The most common sentence is Massachusetts courts is to a term of probation. When a person is sentenced to probation, they are not sent to jail, however, they are given a number of court orders, called “conditions of probation” that they must adhere to or risk being found in violation and re-sentenced. While all types of probation have some specific conditions, the courts often tailor additional conditions to the specific case.
Here are the standard conditions of probation:
- Do not violate any state or federal law - this is always a condition of probation.
- Pay certain fines and fees - different charges have different fees attached, but typically these fees will include a monthly probation fee of $50.00 to $65.00. Depending on the circumstances, your attorney may be able to get some or all of these fees waived or converted to community service.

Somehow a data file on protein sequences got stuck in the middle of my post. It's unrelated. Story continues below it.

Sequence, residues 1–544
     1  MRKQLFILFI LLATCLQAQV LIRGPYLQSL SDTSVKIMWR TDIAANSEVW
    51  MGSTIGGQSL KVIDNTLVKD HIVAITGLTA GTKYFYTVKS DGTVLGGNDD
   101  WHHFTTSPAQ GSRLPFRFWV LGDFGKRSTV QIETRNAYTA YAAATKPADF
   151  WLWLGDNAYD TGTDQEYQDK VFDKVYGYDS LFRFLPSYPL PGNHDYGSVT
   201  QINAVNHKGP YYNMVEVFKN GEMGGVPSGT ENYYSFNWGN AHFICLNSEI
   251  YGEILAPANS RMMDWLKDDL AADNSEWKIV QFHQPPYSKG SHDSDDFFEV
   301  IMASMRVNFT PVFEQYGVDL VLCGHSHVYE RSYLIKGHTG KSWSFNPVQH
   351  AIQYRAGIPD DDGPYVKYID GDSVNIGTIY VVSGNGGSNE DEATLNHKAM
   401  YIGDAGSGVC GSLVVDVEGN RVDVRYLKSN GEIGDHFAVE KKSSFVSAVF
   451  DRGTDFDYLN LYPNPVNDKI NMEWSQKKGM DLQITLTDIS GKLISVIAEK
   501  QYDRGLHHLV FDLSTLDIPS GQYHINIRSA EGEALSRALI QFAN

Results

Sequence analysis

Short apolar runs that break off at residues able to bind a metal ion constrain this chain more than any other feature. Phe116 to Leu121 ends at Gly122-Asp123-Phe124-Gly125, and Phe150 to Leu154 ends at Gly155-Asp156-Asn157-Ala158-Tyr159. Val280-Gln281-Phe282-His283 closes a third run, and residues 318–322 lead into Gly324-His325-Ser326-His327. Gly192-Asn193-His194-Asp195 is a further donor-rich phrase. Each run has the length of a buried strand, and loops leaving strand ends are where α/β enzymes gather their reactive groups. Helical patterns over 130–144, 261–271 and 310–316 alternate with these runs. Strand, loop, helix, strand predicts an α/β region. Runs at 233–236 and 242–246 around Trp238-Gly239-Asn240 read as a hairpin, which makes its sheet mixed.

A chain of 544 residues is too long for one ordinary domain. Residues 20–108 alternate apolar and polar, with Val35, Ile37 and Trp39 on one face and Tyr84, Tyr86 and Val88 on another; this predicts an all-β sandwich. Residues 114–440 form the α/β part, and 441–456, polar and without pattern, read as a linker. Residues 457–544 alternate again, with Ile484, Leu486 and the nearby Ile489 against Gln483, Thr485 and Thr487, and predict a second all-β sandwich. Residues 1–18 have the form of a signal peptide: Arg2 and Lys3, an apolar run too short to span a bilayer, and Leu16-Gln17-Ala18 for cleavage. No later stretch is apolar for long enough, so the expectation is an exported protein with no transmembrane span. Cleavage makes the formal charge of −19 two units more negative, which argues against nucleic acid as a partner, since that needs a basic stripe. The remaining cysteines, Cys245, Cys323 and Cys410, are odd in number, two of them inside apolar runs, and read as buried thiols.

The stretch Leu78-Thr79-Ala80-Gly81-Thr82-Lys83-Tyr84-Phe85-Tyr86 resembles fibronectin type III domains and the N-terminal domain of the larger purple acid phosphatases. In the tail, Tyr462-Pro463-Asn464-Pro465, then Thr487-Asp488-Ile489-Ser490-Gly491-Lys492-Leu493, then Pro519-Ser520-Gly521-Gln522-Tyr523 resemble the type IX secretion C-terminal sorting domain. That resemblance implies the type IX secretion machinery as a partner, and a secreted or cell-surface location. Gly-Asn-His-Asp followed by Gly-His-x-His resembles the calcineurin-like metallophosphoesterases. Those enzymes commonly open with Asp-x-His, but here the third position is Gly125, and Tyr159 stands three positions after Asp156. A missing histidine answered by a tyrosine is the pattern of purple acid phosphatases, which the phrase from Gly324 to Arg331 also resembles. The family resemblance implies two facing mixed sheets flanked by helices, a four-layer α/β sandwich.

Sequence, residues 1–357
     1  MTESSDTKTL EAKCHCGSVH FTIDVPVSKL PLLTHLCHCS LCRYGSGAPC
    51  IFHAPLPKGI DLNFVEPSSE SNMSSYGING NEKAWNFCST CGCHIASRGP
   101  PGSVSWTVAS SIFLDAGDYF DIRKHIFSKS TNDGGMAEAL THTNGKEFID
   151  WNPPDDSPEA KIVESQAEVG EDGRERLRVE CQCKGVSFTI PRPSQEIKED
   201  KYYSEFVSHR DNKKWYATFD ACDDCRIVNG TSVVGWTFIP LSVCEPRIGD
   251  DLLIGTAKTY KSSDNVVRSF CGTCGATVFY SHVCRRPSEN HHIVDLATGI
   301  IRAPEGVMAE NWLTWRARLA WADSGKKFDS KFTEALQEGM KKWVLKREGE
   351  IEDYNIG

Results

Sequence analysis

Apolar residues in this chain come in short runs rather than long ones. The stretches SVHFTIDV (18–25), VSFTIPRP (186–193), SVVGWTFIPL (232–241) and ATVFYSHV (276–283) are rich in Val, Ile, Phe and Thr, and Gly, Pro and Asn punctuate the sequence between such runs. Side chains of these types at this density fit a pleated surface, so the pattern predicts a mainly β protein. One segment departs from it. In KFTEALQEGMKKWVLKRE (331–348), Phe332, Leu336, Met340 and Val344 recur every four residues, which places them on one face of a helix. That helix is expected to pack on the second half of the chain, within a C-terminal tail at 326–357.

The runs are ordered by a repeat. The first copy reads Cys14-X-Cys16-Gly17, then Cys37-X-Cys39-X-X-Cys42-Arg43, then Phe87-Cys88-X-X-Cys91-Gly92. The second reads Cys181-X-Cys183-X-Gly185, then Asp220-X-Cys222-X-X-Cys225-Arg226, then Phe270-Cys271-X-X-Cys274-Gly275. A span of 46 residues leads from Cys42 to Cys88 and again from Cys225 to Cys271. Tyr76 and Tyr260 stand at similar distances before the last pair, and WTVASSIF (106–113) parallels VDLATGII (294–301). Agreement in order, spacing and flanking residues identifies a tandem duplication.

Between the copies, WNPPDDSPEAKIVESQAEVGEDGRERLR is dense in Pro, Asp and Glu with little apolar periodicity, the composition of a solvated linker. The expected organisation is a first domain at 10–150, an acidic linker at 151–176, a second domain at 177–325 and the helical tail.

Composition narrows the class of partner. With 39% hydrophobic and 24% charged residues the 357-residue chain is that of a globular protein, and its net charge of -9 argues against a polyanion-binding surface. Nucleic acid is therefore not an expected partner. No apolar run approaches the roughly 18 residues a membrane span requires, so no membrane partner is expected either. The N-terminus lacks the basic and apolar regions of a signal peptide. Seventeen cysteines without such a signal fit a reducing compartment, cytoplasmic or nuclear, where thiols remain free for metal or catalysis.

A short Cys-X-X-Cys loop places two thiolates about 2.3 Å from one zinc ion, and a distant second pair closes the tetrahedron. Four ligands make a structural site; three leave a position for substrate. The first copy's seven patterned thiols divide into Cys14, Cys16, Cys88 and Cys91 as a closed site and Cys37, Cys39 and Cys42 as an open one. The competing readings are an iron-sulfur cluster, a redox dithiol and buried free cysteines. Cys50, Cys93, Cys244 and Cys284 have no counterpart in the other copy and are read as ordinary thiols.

- Do not leave the Commonwealth of Massachusetts – this is a standard condition, however, your attorney can often have this restriction lifted.
- Report to your probation officer as required
Here are the more common additional conditions of probation that can be added based on your case:
- Stay away from a person or place
- Do not contact a certain person
- Be required to wear a GPS bracelet
- Home confinement
- Abstain from drugs or alcohol
- Be subject to random drug or alcohol testing
- Attend certain classes (e.g. 24D class, certified batterer’s class, brains at risk)
- Complete a certain number of community service hours
If you complete your probation without violating any of the conditions that are set, your case will end. However, if you violate one or more of the conditions you will likely find yourself back before the court for a Probation Surrender Hearing. At this hearing, the judge can re-sentence you if you are found to have violated probation.